Richard Silvester
January 23, 2015
Reading time:
6 min

Missing your weekly infographic and data viz fix? Fear not, in case you missed it, the infogr8 team have curated some of the best bits we’ve stumbled on this week.


Vitamin Atlas: An Interactive Guide to Nutrition and the Human Body

GOOD and Walgreens

The Vitamin Atlas

We all know that vitamins are essential for our health and well-being, but are you able to tell your B1s apart from your B9s? To help us navigate through the complicated science, GOOD  and Walgreens have produced the Vitamin Atlas, an interactive guide featuring beautifully designed animations to explain the complex interactions that take place when they enter our bodies. The psychedelic colour palette is certainly a treat for the eyes (which by the way rely on a good dose of vitamin A to function at their best).


2014: The Hottest Year


The hottest year

The baking sun of summer 2014 seams like a distant memory to our London based team, however recently published data suggests that it was actually the warmest year on record globally. Researchers have also pointed out that 13 of the 14 hottest years recorded have taken place since the turn of the millennium. An animated chart from Bloomberg makes this fact alarmingly clear, and makes us wonder where our weather is heading in the future. However if the UK’s cold snap doesn’t end soon, we would be tempted to suggest that increasingly warmer temperatures are no bad thing at all.


Data Journalism Standards Check

Jon Schwabish

Data journalism

Image credit: Data Journalism Handbook

Although still relatively unknown to the wider masses, as economist and data viz expert Jon Schwabish puts it 2014 was the year of data journalism.  Just before the year closed he posted a debate on raising the standards of data journalism.

Referencing several examples of growing pains in the industry its an interesting post at highlighting just how sensitive data is with the importance of accuracy and clear explanation when coming to conclusions.

We will cover this topic in more detail within infogr8’s 2015 trend report, for now this is a great read for anyone interested in understanding the challenges with data journalism.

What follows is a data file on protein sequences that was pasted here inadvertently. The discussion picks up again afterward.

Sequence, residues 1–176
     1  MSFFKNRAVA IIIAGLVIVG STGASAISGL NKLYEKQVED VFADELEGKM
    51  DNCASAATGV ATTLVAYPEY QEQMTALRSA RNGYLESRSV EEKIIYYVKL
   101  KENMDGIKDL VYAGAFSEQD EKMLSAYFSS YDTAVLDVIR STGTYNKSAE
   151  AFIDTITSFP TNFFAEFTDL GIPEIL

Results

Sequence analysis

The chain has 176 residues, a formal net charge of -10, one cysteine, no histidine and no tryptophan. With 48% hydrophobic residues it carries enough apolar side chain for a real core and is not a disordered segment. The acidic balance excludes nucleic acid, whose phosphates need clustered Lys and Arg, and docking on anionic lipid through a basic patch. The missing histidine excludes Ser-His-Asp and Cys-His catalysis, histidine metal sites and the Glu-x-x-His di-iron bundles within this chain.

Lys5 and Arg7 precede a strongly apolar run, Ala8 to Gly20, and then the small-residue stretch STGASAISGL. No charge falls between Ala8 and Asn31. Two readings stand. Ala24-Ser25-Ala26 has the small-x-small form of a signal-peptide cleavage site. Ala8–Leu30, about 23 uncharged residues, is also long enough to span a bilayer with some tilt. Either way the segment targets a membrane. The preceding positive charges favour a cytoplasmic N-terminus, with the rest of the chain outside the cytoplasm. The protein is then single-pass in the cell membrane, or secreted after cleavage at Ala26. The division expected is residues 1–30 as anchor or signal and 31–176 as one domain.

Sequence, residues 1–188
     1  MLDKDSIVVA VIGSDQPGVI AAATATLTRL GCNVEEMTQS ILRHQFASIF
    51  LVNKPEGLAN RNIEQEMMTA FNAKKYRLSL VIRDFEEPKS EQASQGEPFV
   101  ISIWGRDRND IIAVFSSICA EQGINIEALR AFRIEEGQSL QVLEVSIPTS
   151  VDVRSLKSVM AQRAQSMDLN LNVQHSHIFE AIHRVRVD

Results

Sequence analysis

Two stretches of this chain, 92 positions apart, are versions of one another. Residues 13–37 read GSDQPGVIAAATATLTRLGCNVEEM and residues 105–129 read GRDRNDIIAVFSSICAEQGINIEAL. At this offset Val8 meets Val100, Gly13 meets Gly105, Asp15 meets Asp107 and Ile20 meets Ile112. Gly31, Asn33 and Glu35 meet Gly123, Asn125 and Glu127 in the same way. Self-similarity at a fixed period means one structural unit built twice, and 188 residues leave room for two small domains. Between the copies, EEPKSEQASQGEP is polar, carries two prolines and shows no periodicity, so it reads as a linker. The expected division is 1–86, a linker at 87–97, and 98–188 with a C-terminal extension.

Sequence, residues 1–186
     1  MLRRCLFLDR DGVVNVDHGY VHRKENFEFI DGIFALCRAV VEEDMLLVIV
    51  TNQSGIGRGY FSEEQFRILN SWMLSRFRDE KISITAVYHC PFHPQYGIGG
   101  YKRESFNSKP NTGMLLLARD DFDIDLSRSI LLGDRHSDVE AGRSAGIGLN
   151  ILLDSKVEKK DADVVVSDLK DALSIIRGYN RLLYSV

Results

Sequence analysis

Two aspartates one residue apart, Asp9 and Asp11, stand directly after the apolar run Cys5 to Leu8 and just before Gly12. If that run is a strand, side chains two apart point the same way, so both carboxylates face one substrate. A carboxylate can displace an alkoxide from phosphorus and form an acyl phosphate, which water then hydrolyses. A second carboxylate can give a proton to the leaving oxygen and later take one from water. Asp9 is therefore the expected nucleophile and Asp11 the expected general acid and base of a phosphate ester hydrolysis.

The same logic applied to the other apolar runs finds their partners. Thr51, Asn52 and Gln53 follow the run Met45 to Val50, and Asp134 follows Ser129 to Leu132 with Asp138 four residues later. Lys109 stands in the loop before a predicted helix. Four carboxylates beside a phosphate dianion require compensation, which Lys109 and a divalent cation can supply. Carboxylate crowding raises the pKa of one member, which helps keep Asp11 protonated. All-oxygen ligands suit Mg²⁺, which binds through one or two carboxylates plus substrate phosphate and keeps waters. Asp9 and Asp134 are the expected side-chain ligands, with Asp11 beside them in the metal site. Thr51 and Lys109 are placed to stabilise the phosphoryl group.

Cost of Living Around the World


Cost of living around the world

Whoever coined the term “Rip-off Britain” certainly seams to have been on to something. The UK has been highlighted as one of the ten most expensive countries to live in thanks to an infographic from MoveHub, taking into account the price of groceries, transportation, restaurants and utilities across countries in all continents. Visualising the world in this way highlights just how uneven our economies have become, with neighbouring countries sometimes featuring on completely different ends of the scale. For those simply looking where to take a cheap holiday, this infographic could prove invaluable.


A World of Belonging


Airbnb map

We could not help falling in love with this quirky interactive globe from Airbnb, apparently using real-time location data from their travellers. The piece also features recent interesting statistics (26,000 Airbnb-ers stayed in Paris on New Year’s Eve, for instance), but it’s the charming animations and subtle details which make us really want to explore every inch of this amazing planet.


VeInteractive acquires qunb



The french data science specialist team have certainly been on to something special when joining up their forces to create the ultimate reporting tool – qunb. Qunb analyses your web data and turns the results into beautiful visualisations. Last week, VeInteractive announced that they acquired qunb, which made a lot of sense in their endeavours to expand their Big Data capabilities. We are excited to see what they have in line for 2015 on the data viz front!


Dog map: Find the top pooch in your postcode


Dog map

We are a self-confessed nation of dog lovers, however it turns out our geographic location plays a major role in determining our canine companion. This interactive map from the BBC uses microchipping data across the UK to help identify the pooch of choice per region. The Labrador retriever came out as top dog overall, while Londoners are statistically more likely to share a doghouse with a Staffordshire bull terrier. Our guess is that smaller flats and less countryside to roam through is probably the reason here, however we could be barking up the wrong tree entirely.